If the US Mint can sell another 4.4 Silver Eagles in the next two months, it will beat last year’s 30 million and make a five-year high. Gold sales are practically guaranteed to break 2016’s 1.2 million ounces and set the highest sales totals since before the Great Recession.
The Perth Mint sold 53,976 ounces of gold and 1,467,229 ounces of silver in August. It also saw a record pre-tax annual profit of $56 million (AUD) in fiscal 2020. The Mint returned $41 million in taxes and dividends to the state government of Western Australia.
Gold imports by INDIA hit a 5-month high in August, of 121 metric tons. This is almost double last August, but that was when gold shot up to $2,000 dollars an ounce.
These imports come against a backdrop where poor people have to sell their gold to get by during COVID lockdowns, and rich people snap up everything they can. According to a major jewelry retail company, people have been panic buying gold since July.
CREDIT SUISSE says that the failure of gold to hold the $1,775 level increases the odds of prices falling all the way to $1,691. Actually, it was more than Credit Suisse. Nearly every large bank said the same thing.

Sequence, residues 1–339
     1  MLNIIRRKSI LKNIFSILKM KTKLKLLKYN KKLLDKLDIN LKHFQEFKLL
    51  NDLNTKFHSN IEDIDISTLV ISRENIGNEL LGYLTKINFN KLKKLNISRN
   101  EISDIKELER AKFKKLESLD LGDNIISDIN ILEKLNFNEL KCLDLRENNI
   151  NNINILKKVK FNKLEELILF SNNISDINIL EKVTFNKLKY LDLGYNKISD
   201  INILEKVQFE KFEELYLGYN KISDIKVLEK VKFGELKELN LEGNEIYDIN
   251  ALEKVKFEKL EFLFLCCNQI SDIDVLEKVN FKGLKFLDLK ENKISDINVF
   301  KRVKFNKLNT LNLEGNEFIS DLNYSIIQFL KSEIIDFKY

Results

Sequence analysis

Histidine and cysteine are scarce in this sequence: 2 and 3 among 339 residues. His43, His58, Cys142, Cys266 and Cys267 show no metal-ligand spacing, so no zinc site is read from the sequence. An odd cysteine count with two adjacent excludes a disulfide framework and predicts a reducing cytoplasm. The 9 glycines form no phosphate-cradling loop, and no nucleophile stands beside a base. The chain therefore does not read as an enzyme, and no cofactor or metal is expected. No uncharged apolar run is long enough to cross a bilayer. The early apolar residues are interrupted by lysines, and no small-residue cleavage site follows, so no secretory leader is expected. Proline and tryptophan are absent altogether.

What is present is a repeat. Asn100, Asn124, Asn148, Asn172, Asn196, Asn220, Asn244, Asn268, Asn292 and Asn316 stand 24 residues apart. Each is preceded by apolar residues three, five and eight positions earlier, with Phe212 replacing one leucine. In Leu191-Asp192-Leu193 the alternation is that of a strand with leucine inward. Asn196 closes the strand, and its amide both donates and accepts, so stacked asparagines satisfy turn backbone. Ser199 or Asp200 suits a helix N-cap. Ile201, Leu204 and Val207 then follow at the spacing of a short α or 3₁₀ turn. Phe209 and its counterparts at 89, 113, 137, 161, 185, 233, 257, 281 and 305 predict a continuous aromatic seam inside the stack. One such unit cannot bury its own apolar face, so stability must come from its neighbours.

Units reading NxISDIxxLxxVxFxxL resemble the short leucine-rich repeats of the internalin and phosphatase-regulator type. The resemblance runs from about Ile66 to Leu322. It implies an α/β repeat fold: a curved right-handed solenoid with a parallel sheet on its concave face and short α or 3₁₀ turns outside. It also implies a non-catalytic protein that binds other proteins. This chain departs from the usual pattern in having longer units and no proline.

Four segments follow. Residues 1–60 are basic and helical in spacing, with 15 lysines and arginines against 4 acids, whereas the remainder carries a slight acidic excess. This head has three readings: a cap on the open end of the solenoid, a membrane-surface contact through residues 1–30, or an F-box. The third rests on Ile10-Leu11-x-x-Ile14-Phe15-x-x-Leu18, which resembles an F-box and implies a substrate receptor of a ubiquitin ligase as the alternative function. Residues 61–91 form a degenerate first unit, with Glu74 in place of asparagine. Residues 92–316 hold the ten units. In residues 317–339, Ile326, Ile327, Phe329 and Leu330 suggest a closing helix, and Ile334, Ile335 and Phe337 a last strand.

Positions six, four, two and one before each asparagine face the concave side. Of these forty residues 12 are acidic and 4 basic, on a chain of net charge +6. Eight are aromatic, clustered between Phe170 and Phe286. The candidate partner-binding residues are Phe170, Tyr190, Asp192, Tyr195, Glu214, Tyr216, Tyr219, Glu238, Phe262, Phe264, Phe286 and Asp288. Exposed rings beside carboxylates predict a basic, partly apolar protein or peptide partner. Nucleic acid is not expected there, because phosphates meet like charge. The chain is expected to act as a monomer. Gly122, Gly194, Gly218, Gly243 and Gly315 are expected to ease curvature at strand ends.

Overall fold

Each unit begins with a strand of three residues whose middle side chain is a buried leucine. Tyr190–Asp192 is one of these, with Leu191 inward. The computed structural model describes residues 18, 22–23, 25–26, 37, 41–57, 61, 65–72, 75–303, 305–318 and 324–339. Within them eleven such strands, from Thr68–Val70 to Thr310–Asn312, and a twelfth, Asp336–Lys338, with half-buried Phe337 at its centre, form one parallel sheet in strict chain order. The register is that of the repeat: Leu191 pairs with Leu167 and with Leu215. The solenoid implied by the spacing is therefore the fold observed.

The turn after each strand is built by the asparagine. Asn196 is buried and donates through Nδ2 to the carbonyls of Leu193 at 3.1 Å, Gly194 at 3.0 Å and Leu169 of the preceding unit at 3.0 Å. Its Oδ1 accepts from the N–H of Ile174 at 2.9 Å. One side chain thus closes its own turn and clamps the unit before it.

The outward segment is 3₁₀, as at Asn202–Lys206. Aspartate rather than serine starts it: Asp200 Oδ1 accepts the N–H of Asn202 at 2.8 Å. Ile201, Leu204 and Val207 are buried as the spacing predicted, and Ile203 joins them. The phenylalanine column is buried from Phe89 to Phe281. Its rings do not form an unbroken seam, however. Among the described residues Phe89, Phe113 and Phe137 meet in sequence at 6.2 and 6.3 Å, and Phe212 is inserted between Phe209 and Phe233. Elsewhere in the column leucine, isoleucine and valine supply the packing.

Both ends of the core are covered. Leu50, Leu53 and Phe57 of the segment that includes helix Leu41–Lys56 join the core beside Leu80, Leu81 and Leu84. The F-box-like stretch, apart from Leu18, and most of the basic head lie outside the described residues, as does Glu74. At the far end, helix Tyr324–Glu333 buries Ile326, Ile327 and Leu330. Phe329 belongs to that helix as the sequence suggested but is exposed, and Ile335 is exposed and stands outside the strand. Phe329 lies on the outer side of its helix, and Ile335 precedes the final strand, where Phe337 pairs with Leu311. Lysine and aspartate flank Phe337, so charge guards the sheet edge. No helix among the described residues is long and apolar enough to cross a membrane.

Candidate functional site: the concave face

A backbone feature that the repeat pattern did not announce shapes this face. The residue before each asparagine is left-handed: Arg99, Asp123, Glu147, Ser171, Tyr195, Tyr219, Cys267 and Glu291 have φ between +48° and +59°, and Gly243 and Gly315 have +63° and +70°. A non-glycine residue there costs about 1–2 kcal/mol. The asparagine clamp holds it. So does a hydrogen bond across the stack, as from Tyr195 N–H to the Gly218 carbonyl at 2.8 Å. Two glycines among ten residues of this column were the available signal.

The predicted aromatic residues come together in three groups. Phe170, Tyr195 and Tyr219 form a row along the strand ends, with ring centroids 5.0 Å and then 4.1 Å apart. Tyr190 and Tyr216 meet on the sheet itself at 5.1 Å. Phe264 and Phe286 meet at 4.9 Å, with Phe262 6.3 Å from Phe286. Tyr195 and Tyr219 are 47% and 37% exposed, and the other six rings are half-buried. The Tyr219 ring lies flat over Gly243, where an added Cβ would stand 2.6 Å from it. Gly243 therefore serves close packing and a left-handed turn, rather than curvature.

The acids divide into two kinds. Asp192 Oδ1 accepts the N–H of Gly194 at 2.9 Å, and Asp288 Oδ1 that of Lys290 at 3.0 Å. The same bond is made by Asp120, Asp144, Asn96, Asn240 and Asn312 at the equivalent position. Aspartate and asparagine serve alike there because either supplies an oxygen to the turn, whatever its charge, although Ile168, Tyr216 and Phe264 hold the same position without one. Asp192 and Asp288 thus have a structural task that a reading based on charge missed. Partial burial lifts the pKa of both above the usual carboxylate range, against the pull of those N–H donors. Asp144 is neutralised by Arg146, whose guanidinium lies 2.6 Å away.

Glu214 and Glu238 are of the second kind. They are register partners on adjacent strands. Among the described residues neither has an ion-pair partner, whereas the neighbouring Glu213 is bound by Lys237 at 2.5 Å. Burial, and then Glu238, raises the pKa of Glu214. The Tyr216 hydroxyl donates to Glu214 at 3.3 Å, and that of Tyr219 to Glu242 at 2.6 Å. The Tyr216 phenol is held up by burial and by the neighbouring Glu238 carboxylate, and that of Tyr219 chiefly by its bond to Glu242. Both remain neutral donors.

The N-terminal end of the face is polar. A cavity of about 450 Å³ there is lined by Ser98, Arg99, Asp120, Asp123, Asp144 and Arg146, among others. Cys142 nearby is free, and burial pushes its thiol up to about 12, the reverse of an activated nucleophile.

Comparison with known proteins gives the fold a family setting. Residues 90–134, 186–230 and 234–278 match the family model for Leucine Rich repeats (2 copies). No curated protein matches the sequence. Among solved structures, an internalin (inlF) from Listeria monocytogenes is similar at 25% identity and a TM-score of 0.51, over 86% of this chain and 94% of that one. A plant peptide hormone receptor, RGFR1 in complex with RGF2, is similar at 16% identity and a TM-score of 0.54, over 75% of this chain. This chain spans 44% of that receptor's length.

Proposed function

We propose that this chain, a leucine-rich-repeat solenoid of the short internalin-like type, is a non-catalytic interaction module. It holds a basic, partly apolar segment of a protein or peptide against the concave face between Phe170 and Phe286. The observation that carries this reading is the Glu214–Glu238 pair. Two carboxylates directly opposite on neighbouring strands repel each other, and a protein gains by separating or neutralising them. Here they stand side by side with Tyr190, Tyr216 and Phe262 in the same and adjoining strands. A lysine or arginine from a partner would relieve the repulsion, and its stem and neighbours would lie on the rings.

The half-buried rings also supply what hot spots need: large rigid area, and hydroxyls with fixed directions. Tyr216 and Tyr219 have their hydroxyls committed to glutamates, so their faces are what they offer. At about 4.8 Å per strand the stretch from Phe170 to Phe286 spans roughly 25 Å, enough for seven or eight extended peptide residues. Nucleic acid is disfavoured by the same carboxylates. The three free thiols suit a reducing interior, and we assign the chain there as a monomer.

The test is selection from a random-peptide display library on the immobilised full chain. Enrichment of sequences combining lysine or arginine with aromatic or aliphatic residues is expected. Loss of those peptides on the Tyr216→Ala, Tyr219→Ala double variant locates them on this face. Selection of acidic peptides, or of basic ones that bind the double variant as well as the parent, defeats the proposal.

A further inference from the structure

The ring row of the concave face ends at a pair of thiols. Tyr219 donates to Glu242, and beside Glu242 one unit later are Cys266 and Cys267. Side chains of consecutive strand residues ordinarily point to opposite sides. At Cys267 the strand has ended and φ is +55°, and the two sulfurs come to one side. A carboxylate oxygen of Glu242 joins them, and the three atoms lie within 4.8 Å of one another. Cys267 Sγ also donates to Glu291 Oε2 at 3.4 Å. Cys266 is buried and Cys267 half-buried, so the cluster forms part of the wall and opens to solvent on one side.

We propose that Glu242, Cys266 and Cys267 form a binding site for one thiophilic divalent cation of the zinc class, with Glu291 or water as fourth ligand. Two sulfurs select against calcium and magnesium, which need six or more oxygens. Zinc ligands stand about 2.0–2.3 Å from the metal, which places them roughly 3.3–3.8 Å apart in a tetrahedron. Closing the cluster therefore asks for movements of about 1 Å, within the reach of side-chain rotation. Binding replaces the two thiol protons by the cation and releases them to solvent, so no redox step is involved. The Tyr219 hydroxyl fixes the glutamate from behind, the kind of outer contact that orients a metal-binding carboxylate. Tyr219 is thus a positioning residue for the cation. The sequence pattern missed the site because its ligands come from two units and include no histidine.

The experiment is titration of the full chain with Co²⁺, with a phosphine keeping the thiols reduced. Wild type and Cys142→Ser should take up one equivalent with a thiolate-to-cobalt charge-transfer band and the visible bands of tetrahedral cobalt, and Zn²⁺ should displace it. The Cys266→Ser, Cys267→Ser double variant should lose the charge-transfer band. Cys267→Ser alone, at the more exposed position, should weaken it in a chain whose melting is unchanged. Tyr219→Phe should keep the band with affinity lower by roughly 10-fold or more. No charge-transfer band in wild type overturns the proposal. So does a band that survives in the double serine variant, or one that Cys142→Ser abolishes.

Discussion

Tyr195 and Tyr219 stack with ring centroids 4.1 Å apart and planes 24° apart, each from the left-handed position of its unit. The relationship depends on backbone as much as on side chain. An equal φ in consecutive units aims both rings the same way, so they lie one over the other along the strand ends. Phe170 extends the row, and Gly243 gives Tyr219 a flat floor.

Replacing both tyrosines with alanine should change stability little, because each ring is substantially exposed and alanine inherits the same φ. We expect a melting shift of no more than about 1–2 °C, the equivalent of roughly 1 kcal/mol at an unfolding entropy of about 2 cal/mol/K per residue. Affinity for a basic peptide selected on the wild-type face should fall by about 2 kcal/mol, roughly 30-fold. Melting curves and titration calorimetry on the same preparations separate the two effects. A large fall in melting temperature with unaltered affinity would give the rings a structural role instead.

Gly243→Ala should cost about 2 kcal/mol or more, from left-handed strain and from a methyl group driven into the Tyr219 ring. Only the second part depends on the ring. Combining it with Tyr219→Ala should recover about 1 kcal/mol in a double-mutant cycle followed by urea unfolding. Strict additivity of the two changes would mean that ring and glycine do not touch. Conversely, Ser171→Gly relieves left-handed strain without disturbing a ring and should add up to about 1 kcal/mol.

SOCIETE GENERALE notes that inflows and outflows in gold ETFs continue to call the shots on the direction of the gold market.
In a “man bites dog” situation, CNBC’s Jim Cramer told his viewers on September 14th, “Right now, you’re better off keeping some cash, owning some gold.”
Ray DALIO said in an interview “I have more gold than crypto”, noting that if bitcoin gets too successful, “the government will kill it.” We saw this actually happen in China this month.
The Deputy Minister in charge of mining development in NIGERIA wants gold smugglers to face the death penalty.
Looking Ahead To Next Month
The beginning of a new quarter leaves an abundance of questions about the next step for the precious metals markets. Any slumps near $20/oz for silver and $1,700/oz for gold will likely be met with strong dip-buying. Fiscal uncertainty in the U.S. and whether or not the Chinese markets orchestrate a “soft landing” will loom large — for precious metals as well as the broader markets — through the early part of October.
This column is intended for educational purposes only. It is not intended as investment advice. Past performance does not guarantee future results. – Steven Cochran of Gainesville Coins